WASHINGTON: Two recent US documents — the 2019 budget proposals and the Pentagon’s 2018 report to Congress on China — indicate that differences between the United States and Pakistan go beyond Afghanistan as Washington feels Islamabad is gradually slipping out of its orbit.

The budget proposals underline China and Russia as “the central threat to America’s prosperity and security” and highlight the strategy to meet this challenge.

The Defence Department’s report warns Congress that “China will seek to establish additional military bases in countries with which it has a long-standing friendly relationship and similar strategic interests, such as Pakistan, and in which there is a precedent for hosting foreign militaries”.

The US media also noticed Washington’s growing concern as Wall Street Journal reported this week that “in Pakistan, China and the US are clashing over China’s One Belt, One Road initiative”.

While Washington is concerned that China is trying to gain global influence through “debt trap diplomacy” by lending countries money for projects they can’t afford, “Beijing calls this Western propaganda,” the report added.

The budget proposals, released in Washington last week, stressed that “the central challenge to US prosperity and security is the re-emergence of long-term, strategic competition (with) … revisionist powers” China and Russia.

A quote from the US National Security Strategy warns that “China and Russia want to shape a world consistent with their authoritarian model — gaining veto authority over other nations’ economic, diplomatic, and security decisions”.

The budget proposals then describe how the Trump administration plans to deal with the threat by building “a more lethal, resilient, and rapidly innovating joint force, combined with a robust constellation of allies and partners”.

This alliance and the new force “will sustain American influence and ensure favourable balances of power that safeguard the free and open international order”, the document adds.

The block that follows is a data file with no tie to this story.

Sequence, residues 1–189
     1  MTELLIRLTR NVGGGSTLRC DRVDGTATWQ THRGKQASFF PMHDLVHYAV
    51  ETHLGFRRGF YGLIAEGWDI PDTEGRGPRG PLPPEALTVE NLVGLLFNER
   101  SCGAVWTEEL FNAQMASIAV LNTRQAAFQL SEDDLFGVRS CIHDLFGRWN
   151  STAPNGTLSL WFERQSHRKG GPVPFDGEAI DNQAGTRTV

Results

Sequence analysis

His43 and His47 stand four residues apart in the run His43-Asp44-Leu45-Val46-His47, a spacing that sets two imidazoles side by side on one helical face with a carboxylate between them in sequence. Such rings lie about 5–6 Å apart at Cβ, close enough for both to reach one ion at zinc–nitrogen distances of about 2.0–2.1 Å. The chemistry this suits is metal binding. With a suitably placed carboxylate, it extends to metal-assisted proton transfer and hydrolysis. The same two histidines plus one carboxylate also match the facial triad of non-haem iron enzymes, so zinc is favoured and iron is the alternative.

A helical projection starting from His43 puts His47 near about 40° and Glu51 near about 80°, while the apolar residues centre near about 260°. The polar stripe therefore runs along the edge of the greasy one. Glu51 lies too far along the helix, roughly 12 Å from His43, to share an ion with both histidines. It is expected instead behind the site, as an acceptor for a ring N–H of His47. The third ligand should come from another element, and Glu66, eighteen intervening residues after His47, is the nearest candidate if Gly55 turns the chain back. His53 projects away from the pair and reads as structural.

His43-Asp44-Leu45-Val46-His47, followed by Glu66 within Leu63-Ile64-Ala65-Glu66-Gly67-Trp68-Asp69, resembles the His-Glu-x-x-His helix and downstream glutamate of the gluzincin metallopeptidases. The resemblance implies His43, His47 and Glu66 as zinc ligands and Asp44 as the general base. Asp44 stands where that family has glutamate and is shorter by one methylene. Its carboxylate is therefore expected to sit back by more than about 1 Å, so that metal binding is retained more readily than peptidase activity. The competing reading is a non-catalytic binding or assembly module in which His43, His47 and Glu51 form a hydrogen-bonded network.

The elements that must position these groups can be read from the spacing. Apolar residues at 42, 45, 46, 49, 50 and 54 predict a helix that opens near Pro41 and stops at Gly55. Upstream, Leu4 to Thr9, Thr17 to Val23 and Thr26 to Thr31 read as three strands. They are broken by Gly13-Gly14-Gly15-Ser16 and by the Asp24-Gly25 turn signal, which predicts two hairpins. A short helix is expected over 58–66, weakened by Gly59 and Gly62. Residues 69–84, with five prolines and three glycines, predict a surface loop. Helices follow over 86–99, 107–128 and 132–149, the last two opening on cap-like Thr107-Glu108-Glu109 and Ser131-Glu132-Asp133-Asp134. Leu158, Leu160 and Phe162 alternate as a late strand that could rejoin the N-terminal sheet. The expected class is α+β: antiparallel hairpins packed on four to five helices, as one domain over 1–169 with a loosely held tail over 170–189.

It points out that in alignment with the National Defence Strategy, the air force’s budget for 2019 prioritises long-term competition with China and Russia by “investing in key capabilities to increase the lethality of the force through cost-effective modernisation.

The strategy prioritises major power competition and vows to “reverse the erosion of US military advantage in relation to China and Russia”.

The document informs Congress that the defence budget request fulfills the Pentagon’s objectives by increasing “lethality; resilience (and) agility” of the defence forces. The objective behind this approach is to “build a flexible and dynamic force; and work by, with, and through allies and partners”.

The document also informs Congress that the Pentagon has taken specific decisions about the budget that support “a more capable, ready, and efficient force that can project power globally for full-spectrum operations against a range of threats”.

The document explains the US decision to partner with India to reverse China’s growing influence in the Indo-Pacific region.

The Pentagon’s report to Congress on China argues that Beijing’s growing arms exports are geared to promote China’s “broader foreign policy goals”, which is particularly evident in its “arms sales to Pakistan and demand for Chinese armed UAVs”.

From 2012 through 2016, China was the fifth largest arms supplier in the world, completing more than $20 billion in sales. Of these sales, military equipment worth $8 billion went to Indo-Pacific countries, primarily Pakistan.

The Pentagon report claims that China’s ability to remain among the world’s top five global arms suppliers largely hinges on continued strong sales to Pakistan and demand for its armed UAVs.

In 2015, China signed an agreement with Pakistan for the sale of eight YUAN-class submarines; the first four submarines will be built in China and the remaining four in Pakistan, the report added.

Published in Dawn, September 17th, 2018